Tiger Learning Computer

From: Sam Ismail <dastar_at_crl.com>
Date: Wed Jun 4 11:33:34 1997

On Wed, 4 Jun 1997, Tim Shoppa wrote:

> But for a fraction of the cost of the "toy" version, anyone can get
> a real Apple ][+ or //e, with expansion slots, drives, etc. I'd much
> rather give my kids a machine that is readily expanded and hacked on.
> Wasn't this the appeal of the Apple ][ in the first place? It was,
> at least for me. I suppose there was a large fraction of people who
> never did anything other than run "canned" software on their Apple,
> and I suppose for them the expandibility and accesibility didn't
> mean much. The Tiger might suit their desires just fine, but the
> Tiger just isn't for me.

But it's not meant to suit you, Tim, for the reasons you mention above.
You're a hacker, and you came from the Apple world. You know what a real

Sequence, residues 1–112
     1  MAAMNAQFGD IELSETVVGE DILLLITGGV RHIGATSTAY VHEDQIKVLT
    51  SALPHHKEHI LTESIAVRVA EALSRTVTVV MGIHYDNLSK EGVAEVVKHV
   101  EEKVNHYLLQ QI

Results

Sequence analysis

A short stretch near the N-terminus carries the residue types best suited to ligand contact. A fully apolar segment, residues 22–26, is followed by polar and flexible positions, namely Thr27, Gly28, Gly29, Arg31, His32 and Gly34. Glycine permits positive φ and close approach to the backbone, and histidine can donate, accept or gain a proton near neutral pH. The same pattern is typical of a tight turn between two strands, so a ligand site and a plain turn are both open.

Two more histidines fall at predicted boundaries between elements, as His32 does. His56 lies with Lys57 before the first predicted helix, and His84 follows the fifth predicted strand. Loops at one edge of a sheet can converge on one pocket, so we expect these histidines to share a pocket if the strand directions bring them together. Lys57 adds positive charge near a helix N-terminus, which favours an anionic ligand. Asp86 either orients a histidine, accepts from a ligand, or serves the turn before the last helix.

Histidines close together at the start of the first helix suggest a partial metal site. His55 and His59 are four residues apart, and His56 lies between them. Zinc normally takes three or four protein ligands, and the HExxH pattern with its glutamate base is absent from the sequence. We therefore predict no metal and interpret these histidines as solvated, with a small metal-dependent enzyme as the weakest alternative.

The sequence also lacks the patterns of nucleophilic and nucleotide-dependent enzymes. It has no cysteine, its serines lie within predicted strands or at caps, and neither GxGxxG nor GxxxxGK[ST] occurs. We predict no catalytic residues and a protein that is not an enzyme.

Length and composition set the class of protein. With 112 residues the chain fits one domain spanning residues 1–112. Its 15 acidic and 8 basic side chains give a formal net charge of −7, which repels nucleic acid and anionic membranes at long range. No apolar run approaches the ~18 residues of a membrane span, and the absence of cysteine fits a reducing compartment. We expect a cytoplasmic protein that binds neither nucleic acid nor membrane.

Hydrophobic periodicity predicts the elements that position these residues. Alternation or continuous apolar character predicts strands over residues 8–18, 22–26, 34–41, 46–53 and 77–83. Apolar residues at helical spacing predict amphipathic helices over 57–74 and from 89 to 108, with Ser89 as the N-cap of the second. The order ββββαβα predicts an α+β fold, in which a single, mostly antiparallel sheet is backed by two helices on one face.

apple can do and you're comparing the TLC to an Apple. You have to look
at it from the perspective that it is a kids toy that also happens to use
Apple software. Think about it. You go into your local Walmart or
Target and head over to the toy section. There you see a bunch of
electronic gizmo toys for kids, some of them being mock computers with
LCD displays that have menus for the different programs you can run.
Then right next to them is a toy laptop that boots ProDOS. Pretty cool.

Computer Historian, Programmer, Musician, Philosopher, Athlete, Writer, Jackass
Received on Wed Jun 04 1997 - 11:33:34 BST

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